Considered the ultimate Hellenic celebration, Easter in Corfu town is without a doubt a spectacular event. Thousands of visitors gather each year to be part of this joyous, unique and spectacular experience. Of course, it is not just a matter of religion, but a matter of culture and whether you are a believer or not you need to witness it at least once in your lifetime.
Easter Celebrations In Corfu Town
Easter in Corfu is one of the bigger festivals of the Orthodox church, with celebrations found nowhere else, so it is the perfect excuse to visit Corfu during springtime. Celebrations last for a week and, combined with a week of sailing, it is a unique experience. You can participate in the celebrations of your choice, and if the weather allows it (usually it does) you can even go swimming and get a taste of summer vacation on board. To get a glimpse of what to expect, keep reading!
Celebrations always start a week before Easter and they go like that:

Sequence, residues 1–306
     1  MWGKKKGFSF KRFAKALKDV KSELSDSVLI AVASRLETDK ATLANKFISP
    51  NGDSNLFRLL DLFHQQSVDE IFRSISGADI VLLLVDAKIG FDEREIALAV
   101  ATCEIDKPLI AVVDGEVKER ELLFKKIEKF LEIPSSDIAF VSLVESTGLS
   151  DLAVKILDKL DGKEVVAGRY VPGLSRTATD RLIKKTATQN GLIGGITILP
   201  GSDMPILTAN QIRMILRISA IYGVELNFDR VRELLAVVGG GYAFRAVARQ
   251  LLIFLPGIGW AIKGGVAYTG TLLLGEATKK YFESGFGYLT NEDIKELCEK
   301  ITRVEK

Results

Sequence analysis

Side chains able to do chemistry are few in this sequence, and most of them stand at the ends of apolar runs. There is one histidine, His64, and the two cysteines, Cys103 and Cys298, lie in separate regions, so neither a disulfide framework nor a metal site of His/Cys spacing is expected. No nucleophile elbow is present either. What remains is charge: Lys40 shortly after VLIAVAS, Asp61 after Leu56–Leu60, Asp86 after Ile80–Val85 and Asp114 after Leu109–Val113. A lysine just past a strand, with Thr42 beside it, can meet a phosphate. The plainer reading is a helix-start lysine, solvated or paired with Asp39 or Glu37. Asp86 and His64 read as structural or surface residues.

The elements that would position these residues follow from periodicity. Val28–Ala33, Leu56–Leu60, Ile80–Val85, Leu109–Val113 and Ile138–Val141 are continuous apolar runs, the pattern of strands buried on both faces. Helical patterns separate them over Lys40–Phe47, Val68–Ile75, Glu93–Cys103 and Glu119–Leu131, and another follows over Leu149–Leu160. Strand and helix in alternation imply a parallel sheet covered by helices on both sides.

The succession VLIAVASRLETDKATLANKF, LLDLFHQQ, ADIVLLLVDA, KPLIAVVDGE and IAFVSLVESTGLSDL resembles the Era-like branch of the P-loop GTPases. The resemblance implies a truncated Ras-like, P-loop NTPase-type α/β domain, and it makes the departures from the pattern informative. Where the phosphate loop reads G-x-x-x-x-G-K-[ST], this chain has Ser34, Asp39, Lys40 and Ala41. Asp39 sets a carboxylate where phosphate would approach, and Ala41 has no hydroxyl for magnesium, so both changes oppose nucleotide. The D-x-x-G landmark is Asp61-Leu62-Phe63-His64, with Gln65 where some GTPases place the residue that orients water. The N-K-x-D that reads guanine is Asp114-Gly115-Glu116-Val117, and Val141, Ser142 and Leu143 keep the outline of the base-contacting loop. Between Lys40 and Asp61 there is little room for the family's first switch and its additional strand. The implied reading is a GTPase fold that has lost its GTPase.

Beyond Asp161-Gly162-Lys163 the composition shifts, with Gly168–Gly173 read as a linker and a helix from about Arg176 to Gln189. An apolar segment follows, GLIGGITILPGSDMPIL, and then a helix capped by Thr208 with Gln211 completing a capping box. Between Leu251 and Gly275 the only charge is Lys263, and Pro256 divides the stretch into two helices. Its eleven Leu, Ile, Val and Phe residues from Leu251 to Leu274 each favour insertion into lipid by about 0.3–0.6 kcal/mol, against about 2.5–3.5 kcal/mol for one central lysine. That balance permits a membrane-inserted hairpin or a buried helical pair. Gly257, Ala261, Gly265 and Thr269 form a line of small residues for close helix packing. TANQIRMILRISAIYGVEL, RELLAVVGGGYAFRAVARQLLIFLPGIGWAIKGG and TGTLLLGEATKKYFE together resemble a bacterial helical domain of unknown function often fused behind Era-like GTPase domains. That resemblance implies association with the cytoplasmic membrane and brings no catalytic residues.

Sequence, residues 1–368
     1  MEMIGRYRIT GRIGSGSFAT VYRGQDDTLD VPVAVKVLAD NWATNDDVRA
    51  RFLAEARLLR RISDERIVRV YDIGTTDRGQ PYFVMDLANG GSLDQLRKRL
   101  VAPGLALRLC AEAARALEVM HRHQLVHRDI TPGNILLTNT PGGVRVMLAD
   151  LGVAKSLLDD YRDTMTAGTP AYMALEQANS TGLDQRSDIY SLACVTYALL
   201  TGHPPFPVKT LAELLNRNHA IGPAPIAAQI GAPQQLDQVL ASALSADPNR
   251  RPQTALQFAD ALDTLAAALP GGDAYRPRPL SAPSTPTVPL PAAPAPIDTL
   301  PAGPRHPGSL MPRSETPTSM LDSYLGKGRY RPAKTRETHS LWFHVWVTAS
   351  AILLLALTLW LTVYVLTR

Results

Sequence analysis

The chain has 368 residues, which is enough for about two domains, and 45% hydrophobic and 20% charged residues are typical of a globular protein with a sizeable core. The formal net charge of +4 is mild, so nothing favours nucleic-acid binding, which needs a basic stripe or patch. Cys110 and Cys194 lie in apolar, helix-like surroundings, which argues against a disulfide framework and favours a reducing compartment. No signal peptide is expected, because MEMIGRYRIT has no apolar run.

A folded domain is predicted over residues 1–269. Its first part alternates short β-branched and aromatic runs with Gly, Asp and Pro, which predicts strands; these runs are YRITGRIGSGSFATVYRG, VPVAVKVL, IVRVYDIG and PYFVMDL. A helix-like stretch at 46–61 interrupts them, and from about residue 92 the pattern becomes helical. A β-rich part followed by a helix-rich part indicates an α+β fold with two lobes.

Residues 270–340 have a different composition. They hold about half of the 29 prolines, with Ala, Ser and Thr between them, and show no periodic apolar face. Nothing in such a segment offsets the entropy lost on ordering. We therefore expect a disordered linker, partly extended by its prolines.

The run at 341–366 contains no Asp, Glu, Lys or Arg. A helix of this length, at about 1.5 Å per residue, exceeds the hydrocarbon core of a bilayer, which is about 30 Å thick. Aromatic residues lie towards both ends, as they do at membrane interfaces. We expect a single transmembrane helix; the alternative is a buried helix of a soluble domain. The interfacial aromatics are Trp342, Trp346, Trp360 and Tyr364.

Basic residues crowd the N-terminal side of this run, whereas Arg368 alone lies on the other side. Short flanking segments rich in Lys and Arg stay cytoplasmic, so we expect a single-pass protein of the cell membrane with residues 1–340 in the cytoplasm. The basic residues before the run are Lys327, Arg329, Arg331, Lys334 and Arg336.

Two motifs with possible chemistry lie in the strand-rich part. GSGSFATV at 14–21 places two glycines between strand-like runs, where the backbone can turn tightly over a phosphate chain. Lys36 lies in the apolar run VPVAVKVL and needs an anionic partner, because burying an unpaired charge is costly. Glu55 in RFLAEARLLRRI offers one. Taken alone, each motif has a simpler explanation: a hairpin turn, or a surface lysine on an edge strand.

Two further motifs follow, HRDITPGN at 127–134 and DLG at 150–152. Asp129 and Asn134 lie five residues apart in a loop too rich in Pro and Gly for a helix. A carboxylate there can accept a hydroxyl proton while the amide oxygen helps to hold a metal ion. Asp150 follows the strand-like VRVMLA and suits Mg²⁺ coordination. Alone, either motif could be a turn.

You will have the chance to witness a custom that is dating back to 1630. All 15 philarmonic bands of the island take part in the procession of the holy body of Saint Spyridon, the protector of Corfu Island, who it is believed relieved the whole island from Plague in 1629. Then you can have lunch and enjoy the traditional meal of the day: codfish with garlic-flavored mashed potatoes.
Great Monday and Tuesday
If you walk among the alleys of the old town of Corfu you will smell the perfume of “fogatsa” (a brioche decorated with a red egg) and “mandolato” (a noble’s favorite macaroon made of almond and honey), which we undoubtedly recommend getting a taste of. If you happen to stroll in the city on the afternoon of Tuesday you will get the chance to listen to the story of Mary Magdalene “hymned” at the city churches.
During Wednesday the Holy Unction is sung by all the city’s churches and the Municipal Choir gives its own color with a concert at the Municipal Theatre. You will hear ecclesiastical hymns of the Passion Week with chorals from the East and the West.